A Heart-to-Heart with Mythical Alaska

By | November 4, 2011

At the Alaska Bioneers conference in October, I attended Jaime Van Lanen’s workshop on regional wild food procurement. Jaime, an anthropologist studying Alaskan subsistence patterns, has a passion for indigenous ways of procuring food. Last year, he successfully hunted a Moose with a primitive bow.

Jaime started the workshop with some myth busting: rather than the land of abundance that many of us envision, Alaska is a biological desert. Typical of northern climes, Alaska has a low biomass and not much diversity of plant and animal species. “But what about all the Moose, and the Caribou herds?” I can hear some of you asking, “and the rivers teeming with Salmon?” Moose hunters have only a 19% success rate, stated Jaime, and it is even lower for Caribou. Unless you are a subsistence hunter, you must enter a lottery in hopes of getting a tag, and for an open hunt you need to go all the way up to the North Slope. The total Caribou population is 950,000, while Michigan, a state only 15% the size of Alaska, has a Whitetail Deer herd numbering twice that of Alaska’s Caribou.

After Jaime and the other participants stated that many residents can take advantage of seasonal protein concentrations such as running Salmon and migrating Caribou, Jaime recounted an interview he did several years ago with an over 90-year-old Athabascan elder who lived his whole life on the Black River. “Tell me more about [life in] the 1800s,” Jaime asked. The elder replied, “Straight meat, you gotta like it.”

In order to live off of such a thinly-spread biomass, Jaime said that all subsistence hunters today, including Natives, rely on four wheelers, motorboats, and snow sleds. Gas is already $10 a gallon in some communities, and when it and the subsidies to purchase it are no longer available, Jaime believes there is going to be a mass population exodus. He says that without fuel and ammo, even the state’s best hunters will go hungry.

What did all of this mean to the workshop participants? Most of them felt strengthened in their commitments to climate-adapted gardening, supplemented by subsistence hunting and fishing. Jaime, on the other hand, said he’ll continue collecting as much as he can of the little-remaining knowledge of regional foraging and preservation methods. He added that that sedentary living and reliance on carbon fuels have erased irreplaceable knowledge in just two generations.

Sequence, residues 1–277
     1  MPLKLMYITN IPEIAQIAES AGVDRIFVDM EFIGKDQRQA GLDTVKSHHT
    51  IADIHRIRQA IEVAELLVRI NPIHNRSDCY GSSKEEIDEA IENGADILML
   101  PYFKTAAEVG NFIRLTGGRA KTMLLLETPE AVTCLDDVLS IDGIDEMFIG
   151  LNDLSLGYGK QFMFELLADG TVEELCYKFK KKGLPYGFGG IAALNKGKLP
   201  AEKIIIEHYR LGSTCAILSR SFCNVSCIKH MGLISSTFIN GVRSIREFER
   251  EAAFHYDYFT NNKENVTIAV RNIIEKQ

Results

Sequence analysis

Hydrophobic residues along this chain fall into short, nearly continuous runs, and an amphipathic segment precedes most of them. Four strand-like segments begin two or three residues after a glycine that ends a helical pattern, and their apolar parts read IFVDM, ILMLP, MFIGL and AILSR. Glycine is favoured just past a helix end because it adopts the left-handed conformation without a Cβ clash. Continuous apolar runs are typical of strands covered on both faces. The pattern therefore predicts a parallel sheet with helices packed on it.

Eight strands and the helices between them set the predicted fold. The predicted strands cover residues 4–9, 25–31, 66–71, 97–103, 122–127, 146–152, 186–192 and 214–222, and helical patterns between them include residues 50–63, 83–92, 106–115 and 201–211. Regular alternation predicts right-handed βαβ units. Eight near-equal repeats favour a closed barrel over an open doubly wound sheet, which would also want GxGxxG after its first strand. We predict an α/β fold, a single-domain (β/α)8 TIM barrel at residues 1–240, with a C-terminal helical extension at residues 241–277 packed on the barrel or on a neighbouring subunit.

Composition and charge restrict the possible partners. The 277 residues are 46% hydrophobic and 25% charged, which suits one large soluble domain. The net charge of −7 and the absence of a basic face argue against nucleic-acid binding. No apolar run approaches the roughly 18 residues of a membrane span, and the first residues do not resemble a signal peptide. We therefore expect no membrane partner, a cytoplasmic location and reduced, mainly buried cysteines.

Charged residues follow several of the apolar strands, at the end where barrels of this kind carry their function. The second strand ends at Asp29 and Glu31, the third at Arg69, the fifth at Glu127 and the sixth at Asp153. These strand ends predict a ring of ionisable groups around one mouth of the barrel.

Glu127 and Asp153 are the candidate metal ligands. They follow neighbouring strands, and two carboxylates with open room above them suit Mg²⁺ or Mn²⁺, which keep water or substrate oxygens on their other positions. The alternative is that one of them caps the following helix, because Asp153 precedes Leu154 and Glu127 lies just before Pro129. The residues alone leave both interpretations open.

For me, the workshop was further confirmation that if it doesn’t come from your bioregion, it doesn’t contribute to sustainability. In fact, it accelerates the downward spiral to unsustainability. I don’t know of anything better at destroying while creating the illusion of helping than fossil fuels and firearms. As the Elders have told me, Earth Mother provides all that we need within our regional Hoop of Life.


2 Comments

Susan Cable on November 13, 2011 at 3:59 pm.

Now that I know you were there, I wish I’d attended Alaska Bioneers, though I hate to fly for environmental reasons.

In Fairbanks a few summers ago local Larry Landry (host of Glenn Helkenn) told me Alaska’s entire interior traditionally supported only 35,000 people. To me this suggests the upper human population limit that region can sustain without introduction of outside energy (petroleum). Sadly, probably any habitable place on earth has already exceeded carrying capacity, as has the planet. This certainly includes SE Alaska, but I’m thankful that here in Juneau fish can be caught with little or no petroleum input.

It was good to see you discuss the Alaska myth. Thanks!

Reply

Tamarack on November 19, 2011 at 4:19 pm.

Hi Susan,

It would have been good to see you. And easy—all you had to do was hop in your umiak and paddle over.

It’s hard for me to imagine the vast Alaskan interior with only one person per 100 km². Even in the state’s richest habitat, the 1300 mile long Aleutian-Southeast coastal region, there were less than 30,000 people. Yet it’s good to remember that statistics are notorious for giving false impressions. People cluster in communities, where I’m sure the feeling is quite different from the one the data conjures up of people spreading out evenly over a landscape.

You and I are fortunate to be living in fish-rich areas where, even without petroleum, we can catch enough in a day or two to last the entire year. Last night we netted 500 Cisco, and what a thanks-giving feast we had!

Please stop in the next time you paddle by,

Tamarack

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